The CCB at Six Months: What We Have Learned About the CCB So Far

Today marks six months since the U.S. Copyright Office launched the Copyright Claims Board (CCB)—the small copyright claims court established by the Copyright Alternative in Small-Claims Enforcement (CASE) Act. Although virtually all the cases filed with the CCB in the first six months are still in the early phases, it’s not too early to take a look at the CCB and analyze how it is working so far. There are some interesting trends to note that may guide potential CCB claimants who are considering whether to file claims, prospective respondents who are trying to determine whether to participate or opt out, and all parties as they learn how to best navigate this new small copyright claims tribunal.

Domestic and Foreign Creators are Filing Claims–Most Without Using Attorneys

As of the writing of this blog post, more than 260 cases were filed with the CCB at a rate of about 1.5 cases a day. We thought there might be a rush of cases filed when the CCB first launched, followed by a decrease and plateau as the months progressed. Interestingly, that is proving not to be the case so far as the number of cases filed each month has remained steady over the past six months, which may signal the CCB’s longevity and desirability as a forum for resolving certain copyright disputes.

Of the 260 or so cases filed, a little over 80% of the claims filed have been infringement claims. This is a testament to the need and desire for the CCB, evidenced by the support of thousands of creators who called for the creation of a small copyright claims system so they could enforce their rights. As individual creators and small businesses have been enforcing their copyrights in the new small claims court, we are heartened that they have the opportunity do so.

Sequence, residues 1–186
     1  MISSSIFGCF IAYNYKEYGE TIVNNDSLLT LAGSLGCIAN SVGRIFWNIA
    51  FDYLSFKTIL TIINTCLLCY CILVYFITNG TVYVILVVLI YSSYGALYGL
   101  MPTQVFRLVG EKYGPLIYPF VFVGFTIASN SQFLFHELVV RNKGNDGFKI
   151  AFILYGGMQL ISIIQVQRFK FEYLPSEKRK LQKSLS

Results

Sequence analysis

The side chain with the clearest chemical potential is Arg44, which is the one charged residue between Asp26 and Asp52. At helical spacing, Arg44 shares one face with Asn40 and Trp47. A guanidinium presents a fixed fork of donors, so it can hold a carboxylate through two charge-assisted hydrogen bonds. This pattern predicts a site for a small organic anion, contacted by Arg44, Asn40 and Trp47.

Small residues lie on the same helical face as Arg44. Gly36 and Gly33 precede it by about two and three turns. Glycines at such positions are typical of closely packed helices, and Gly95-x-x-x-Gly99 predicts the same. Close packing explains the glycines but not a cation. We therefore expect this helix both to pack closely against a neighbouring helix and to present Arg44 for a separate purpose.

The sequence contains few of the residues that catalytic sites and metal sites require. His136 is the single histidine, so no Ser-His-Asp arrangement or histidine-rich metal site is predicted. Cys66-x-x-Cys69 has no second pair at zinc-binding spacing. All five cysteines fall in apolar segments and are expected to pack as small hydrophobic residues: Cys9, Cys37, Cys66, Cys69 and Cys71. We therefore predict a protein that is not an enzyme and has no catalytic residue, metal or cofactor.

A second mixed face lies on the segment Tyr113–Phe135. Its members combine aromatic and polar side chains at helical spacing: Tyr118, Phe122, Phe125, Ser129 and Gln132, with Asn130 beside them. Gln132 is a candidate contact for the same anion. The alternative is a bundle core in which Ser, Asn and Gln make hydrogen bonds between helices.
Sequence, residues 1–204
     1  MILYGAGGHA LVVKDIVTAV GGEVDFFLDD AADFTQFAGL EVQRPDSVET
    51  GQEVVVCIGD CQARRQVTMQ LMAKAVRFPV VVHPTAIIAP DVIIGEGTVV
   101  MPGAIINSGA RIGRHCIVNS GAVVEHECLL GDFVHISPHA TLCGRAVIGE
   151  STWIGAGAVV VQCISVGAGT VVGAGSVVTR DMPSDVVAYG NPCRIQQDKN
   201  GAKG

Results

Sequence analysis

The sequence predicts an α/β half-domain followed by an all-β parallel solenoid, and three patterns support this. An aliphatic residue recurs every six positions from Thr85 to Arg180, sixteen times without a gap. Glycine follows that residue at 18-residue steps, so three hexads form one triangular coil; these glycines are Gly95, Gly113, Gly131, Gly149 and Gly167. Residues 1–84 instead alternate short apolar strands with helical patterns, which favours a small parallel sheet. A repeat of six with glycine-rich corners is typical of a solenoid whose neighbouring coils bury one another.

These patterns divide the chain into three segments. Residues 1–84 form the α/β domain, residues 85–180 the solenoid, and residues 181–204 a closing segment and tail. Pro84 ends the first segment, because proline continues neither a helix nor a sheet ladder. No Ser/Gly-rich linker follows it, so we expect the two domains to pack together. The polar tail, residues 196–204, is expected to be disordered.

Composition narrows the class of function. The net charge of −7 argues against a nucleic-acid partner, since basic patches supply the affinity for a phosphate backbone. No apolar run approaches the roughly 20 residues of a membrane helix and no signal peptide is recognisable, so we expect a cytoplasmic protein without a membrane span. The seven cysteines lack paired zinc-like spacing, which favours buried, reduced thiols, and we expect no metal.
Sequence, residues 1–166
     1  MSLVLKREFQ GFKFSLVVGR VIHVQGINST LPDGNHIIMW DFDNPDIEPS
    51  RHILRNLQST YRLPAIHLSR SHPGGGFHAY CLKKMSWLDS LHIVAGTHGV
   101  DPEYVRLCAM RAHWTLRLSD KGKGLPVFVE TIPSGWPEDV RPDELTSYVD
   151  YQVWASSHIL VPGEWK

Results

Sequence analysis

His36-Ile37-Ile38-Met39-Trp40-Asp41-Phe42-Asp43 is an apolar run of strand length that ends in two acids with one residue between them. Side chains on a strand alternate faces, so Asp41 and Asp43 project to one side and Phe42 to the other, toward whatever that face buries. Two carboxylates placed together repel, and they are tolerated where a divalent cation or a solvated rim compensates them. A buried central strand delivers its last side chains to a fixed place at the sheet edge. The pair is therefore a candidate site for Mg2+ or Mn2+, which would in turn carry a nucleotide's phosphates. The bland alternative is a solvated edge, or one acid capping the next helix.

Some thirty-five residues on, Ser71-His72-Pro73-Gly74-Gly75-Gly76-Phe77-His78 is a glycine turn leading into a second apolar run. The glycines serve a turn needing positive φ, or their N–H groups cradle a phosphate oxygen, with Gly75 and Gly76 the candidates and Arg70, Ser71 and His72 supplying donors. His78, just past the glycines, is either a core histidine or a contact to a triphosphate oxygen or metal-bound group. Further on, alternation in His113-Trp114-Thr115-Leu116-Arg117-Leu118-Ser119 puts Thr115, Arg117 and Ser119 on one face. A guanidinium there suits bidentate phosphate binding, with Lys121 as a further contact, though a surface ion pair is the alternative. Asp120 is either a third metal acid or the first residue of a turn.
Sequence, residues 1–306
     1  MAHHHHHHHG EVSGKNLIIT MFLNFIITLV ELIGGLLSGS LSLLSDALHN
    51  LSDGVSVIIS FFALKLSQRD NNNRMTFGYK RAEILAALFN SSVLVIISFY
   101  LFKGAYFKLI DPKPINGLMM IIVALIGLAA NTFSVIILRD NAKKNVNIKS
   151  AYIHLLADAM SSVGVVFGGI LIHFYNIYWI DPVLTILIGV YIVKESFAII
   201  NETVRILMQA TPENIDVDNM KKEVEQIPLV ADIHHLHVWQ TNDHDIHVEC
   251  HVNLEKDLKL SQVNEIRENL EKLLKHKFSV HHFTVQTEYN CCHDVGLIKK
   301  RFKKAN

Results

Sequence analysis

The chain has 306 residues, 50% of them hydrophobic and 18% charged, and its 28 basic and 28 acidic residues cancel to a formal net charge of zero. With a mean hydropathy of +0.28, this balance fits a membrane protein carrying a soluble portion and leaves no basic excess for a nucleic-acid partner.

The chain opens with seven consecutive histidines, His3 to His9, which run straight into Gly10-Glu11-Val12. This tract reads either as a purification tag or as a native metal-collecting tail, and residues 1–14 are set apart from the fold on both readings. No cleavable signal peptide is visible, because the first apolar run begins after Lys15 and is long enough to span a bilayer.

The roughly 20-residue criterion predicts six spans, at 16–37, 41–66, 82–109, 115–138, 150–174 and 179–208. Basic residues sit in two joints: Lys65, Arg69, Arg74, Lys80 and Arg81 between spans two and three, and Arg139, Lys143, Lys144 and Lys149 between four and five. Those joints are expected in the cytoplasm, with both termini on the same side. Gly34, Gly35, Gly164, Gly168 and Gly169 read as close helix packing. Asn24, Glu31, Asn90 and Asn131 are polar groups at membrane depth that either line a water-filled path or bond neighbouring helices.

It is particularly interesting to see that foreign claimants have filed a little over 10% of the CCB cases. Remember, the CASE Act allows foreign claimants to file CCB claims, but neither a foreign nor a U.S. resident CCB claimant may file claims against a foreign respondent (although a U.S. resident who is a respondent in a CCB proceeding may file counterclaims against a foreign claimant). While the CASE Act was pending we heard from many creators and small businesses, but virtually all of them were U.S. residents so we had no idea that the CCB would also be so fervently welcomed by creators and copyright owners throughout the globe who, like their U.S. counterparts, had little to no recourse to enforce their rights in the United States.